Spending: Paying for Internet Guru Courses

Part 1: 

I understand real estate is a lucrative business. Many people want to get in the property game, so many are afraid of making a wrong move. Those of us who aren’t ready to dive in, but are eager to armour ourselves with information, follow successful investors. Those privileged few who’ve learned what to do and how to do it know they have the recipe for success. Boy, do they know it. And boy, do they sell it! 

I’ve noticed that in the investment realm, it’s popular for stock pickers and house flippers to market courses. On their blogs, in their email newsletters, on their youtube videos, they give bits and pieces of useful knowledge. At the end of their message, they plug their upcoming course. You run to their website to see a price tag between $1000-$4000. You want to invest in yourself, so you contemplate spending on the course. After all, the guru is successful and their social media makes you want to learn as much as possible from them. When this happens, my advice to you is: DON’T BUY THE COURSE YET. PUT YOUR CREDIT CARD AWAY!

Hear me out. I believe in investing in yourself first. I believe in paying yourself first. I also believe in the power of self-directed learning. When I see a $1000 I’ll-teach-you-how-to-buy-your-first-rental-property course, I am tempted. But soon, other thoughts enter my head. I wonder:

  • Have I read all the books on this topic that I have access to, for free from the library?
  • Have I listened to all the podcasts, read all the blog posts, and watched all the free videos created by this guru yet?
  • Have I listened to/read/watched most of the content created by other people on this topic? 
  • Am I connected to a local group interested in this topic? Am I having regular conversations with group members?
  • Do I have at least one mentor?
  • Have I learned all that I can about this topic on my own?

Once I start asking myself those questions, I realize that I haven’t accessed the free tools and resources at my disposal enough to justify the expense. The course is a convenient, albeit costly, shortcut to the drudgery of taking the slower path to mastery. However, this is how learning sticks, and how networks get built. When I come across my first hiccup with my first investment property, I don’t want to be lost because the guru didn’t mention this in the course. I don’t want to email a guru and hope they answer me, which they probably won’t. I want to reach out to people I know personally. I want to know where I can find the answer.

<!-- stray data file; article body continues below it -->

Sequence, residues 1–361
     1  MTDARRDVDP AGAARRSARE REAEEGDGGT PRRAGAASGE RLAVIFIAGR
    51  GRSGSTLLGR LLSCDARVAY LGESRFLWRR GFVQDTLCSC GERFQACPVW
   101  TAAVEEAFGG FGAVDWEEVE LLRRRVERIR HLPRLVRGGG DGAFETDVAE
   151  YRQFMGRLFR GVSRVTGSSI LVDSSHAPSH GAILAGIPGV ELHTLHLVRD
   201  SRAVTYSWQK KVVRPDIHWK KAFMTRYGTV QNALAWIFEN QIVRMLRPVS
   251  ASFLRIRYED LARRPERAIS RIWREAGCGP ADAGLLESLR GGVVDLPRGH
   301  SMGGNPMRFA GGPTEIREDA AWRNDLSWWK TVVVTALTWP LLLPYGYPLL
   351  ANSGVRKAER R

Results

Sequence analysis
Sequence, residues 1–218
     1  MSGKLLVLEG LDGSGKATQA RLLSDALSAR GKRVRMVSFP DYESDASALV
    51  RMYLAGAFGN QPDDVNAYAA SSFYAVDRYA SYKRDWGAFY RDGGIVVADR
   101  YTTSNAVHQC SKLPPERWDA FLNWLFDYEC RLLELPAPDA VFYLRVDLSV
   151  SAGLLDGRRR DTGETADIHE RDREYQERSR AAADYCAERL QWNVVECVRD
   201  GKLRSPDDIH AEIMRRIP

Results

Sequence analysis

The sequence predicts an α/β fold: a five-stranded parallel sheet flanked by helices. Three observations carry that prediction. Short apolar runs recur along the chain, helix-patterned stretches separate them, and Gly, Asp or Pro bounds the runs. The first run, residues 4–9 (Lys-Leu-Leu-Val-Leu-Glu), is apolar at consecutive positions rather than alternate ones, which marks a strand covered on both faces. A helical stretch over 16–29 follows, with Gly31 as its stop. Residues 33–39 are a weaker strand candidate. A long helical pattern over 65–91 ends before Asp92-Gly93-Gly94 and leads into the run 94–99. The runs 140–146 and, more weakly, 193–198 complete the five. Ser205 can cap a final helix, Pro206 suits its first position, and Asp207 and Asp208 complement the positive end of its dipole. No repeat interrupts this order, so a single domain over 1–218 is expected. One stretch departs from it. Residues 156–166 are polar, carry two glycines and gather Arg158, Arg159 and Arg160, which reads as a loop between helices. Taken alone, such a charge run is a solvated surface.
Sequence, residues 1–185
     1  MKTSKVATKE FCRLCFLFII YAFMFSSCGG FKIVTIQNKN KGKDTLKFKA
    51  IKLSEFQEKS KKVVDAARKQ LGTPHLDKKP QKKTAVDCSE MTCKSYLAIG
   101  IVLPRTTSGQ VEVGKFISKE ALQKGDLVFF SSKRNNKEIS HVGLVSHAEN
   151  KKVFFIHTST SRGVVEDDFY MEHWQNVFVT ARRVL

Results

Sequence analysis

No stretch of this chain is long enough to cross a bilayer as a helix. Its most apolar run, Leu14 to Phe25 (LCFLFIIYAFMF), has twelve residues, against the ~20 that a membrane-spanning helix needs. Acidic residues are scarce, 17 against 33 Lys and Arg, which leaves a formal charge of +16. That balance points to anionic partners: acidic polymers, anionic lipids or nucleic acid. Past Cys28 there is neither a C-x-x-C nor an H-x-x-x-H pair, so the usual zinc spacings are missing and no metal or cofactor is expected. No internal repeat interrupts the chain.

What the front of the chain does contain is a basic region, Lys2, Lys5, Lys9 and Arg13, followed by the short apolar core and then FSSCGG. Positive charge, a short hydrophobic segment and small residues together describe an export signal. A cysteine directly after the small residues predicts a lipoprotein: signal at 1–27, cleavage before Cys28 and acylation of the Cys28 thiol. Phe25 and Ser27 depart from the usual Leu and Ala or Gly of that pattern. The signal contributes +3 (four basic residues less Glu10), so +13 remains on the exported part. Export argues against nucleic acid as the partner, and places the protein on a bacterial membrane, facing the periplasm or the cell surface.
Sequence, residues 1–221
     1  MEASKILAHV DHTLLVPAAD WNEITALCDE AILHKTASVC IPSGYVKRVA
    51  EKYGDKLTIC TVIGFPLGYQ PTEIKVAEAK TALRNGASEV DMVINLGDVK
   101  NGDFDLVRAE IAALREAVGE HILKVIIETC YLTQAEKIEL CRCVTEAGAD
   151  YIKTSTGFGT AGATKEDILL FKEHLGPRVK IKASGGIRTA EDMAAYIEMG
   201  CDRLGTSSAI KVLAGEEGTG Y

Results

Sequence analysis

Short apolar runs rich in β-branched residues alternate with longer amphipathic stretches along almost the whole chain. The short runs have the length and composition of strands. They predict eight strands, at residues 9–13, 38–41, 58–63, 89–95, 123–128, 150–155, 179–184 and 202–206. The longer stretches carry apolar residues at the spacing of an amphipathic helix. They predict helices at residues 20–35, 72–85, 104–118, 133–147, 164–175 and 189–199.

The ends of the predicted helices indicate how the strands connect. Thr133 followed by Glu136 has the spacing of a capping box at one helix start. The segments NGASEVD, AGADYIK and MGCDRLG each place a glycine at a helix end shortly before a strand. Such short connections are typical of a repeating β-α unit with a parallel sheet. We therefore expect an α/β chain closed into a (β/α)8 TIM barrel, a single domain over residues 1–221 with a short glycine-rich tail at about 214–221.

Part 2:

After I wrote part 1, which was going to be my entire post on this topic, something ironic happened. 

My husband and I have a mobile notary business. We started the business in December 2020. We’re still new to the biz. Our January goal was to get 2 signings, we met that goal. Our February goal was to get 5 signings, and we finally got to 5 last night on the last day of February. We want to maximize the potential profits of this business, while balancing our limited availability (weekends and weeknights) since we both work full-time. We know the real money is in loan signings, and for mortgage/title companies to work with notaries, most require that the notary have certification as a loan signing agent. Although we are hesitant to invest more money into the business before we’ve made significant profit, we want to set ourselves up for success early, and do everything possible to maximize our business.

Home loan documents are pretty complicated. To pass the test required to get the loan signing agent certification, studying is required. We’ve scoured the internet for free training, and we haven’t found anything sufficient. We’ve come across notary gurus offering paid courses and scoffed at their offers. Fast forward to yesterday, I walked into our home office to see my husband taking a paid course offered by a guru! All I could do was laugh. He explained that this course was the same price (around $200) as the one offered by the national association for loan signing agents, except this one offered better instructional tools. I understood, it made sense. We have limited time, it’s not time efficient to read tons of books, find mentors, etc. when we could find the materials, get all the information we need in one weekend, and pass the certification test. 

Although I still think that paid-for guru courses shouldn’t be the first step to learning more about a topic, especially regarding broad topics like investing, they can be useful tools to accelerate progress toward your goals. If the information is available for free, it’s a good idea to consume that first. If you have other options, explore them and compare them to the courses you’re considering. That’s part of being a critical consumer. It’s not bad to consume, to purchase, especially if consumption is done with intention. I hope you find all the information you need on your financial independence journey for free. For everything else, there’s a course you can pay for with Mastercard…

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